Italian food needs no bigging-up from me.

It’s one of the world’s truly great cuisines. But perhaps the stellar heights achieved by a perfect Spaghetti alla Carbonara; or Ossobucco; or Bistecca alla Fiorentina can begin to explain why, in a kind of strange inverse ratio, Italian junk food is…well…junk.

Take what we Brits refer to as Crisps. Or what the Yanks, in their never-ending state of terminal food confusion, call Potato Chips.

A decent Crisp, be it traditionally salted; cheese and onion; Bovril or Marmite; or, yes, even Prawn Cocktail flavour is a casually-accepted British birthright.

But not if you’re Italian. Because Italian crisps, it has to be said, are rubbish. Thin, puny and anaemic, with as much flavour as a damp sock.

And I think Italian crisp-makers actually realise this, because they’re making a brave bid to improve, by going back to the source of true crisp greatness, the British Isles.

Unfortunately, they’ve got it a bit wrong.

San Carlo, who are to Italian crisps what Fiat are to Italian cars, (ie variable quality and on sale everywhere), have introduced a new range bravely called…Highlander.

So far so good, as setting aside the hoary old Scottish food gags about Haggis; Deep-Fried Mars Bars and…er…deep-fried anything in fact, Scottish food can be incredibly fine: the world’s best salmon and game; Angus beef; and, yes, even Haggis.

So have San Carlo taken a bold step forward with Highlander Venison, Smoked Salmon, or Arbroath Smokie crisps ?

Not quite. There’s that old favourite Cheese and Onion; safe and steady Sea Salt; Roast Chicken and Lemon – hardly a flavour that screams Scotland, but never mind; and…Caledonian Tomato.

Sorry. Run that past me again. Caledonian Tomato ?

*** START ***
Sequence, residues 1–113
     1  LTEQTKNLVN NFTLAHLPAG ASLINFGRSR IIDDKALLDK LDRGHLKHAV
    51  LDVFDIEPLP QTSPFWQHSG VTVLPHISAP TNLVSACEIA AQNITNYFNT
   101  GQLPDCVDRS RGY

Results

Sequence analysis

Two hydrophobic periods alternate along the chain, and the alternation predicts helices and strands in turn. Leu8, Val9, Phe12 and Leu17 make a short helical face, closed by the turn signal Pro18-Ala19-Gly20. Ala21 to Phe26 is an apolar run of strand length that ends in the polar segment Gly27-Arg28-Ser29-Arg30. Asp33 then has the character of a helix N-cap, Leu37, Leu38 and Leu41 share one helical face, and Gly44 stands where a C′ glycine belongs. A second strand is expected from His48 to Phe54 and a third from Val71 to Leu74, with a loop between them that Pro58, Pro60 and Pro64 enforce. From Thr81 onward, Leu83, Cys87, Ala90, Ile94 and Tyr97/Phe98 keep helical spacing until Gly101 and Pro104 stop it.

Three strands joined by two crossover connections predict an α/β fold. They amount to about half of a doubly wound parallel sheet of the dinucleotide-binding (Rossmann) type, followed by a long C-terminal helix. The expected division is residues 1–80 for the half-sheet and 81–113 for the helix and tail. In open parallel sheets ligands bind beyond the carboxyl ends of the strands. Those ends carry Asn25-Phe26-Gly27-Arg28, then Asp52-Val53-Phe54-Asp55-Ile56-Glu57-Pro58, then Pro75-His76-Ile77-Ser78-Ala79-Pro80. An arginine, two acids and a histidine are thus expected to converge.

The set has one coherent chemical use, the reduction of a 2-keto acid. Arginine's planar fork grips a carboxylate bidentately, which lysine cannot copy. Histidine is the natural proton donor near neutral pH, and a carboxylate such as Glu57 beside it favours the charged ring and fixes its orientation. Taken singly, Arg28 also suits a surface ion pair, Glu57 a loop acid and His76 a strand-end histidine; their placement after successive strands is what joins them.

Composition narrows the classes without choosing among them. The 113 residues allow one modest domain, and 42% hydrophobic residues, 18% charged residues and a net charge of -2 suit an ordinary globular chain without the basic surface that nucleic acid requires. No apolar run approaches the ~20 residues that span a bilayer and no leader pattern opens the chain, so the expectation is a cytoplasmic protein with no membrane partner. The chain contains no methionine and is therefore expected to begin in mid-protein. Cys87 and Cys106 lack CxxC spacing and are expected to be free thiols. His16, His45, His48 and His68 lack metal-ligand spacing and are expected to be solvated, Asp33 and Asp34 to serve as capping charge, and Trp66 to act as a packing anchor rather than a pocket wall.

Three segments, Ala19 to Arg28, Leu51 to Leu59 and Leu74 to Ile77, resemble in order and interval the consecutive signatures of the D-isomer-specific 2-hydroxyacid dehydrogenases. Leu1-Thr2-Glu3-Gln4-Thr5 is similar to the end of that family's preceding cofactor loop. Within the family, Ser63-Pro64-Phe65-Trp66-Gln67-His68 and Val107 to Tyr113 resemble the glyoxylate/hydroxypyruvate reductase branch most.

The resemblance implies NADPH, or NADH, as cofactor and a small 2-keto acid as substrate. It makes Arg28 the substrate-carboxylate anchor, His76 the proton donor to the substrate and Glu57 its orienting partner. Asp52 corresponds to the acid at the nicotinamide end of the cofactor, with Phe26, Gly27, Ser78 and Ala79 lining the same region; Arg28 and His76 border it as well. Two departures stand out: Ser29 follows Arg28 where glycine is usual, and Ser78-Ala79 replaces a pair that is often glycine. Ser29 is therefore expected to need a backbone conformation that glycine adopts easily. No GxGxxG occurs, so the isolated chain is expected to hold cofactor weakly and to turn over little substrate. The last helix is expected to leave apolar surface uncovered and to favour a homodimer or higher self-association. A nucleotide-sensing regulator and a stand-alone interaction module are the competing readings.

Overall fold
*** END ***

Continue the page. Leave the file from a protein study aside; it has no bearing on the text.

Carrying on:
Caledonian Tomato crisps

Yes. According to the pack, Caledonian Tomato is ‘Sapori di Scozia‘. A taste of Scotland.

So these crisps are made with fresh, ripe, juicy Scottish tomatoes from the sun-kissed hills, glens and mountains ?

Well, no. They’re made with tomato powder.

From Scotland ?

It doesn’t actually say.

Leaving aside the fact that Scotland is to tomato production what Italy is to the worldwide pineapple trade, making any foodstuff called Highlander Caledonian Tomato simply beyond parody,  what’s truly and frighteningly alarming is that someone at San Carlo, decided this was a really killer brand-name.

And everybody said, “Yeah !”

What’s even crazier, they could even be right.

Because the idea that an Italian company was making a crisp called Highlander Caledonian Tomato would prove so irresistible to the Scottish sense of humour, that if San Carlo exported their entire annual production to Glasgow, they’d be an overnight sensation.

Equally so if Highlander Caledonian Tomato was a Muhammad Ali among crisps. The Greatest of All Time.

But even when tasted with a smile, because the name’s so bizarrely off-the-wall you really kind-of have to love it…

…and even when cut quite a bit of slack because, y’know, these are Italian crisps and Italian crisps are pretty dire…

…and even when trying your absolute hardest to think of a reason to buy another packet…

You just can’t.

Because the sad truth is that although Highlander Caledonian Tomato Crisps might yet turn out be a marketing masterstroke, they taste really, really, really, really…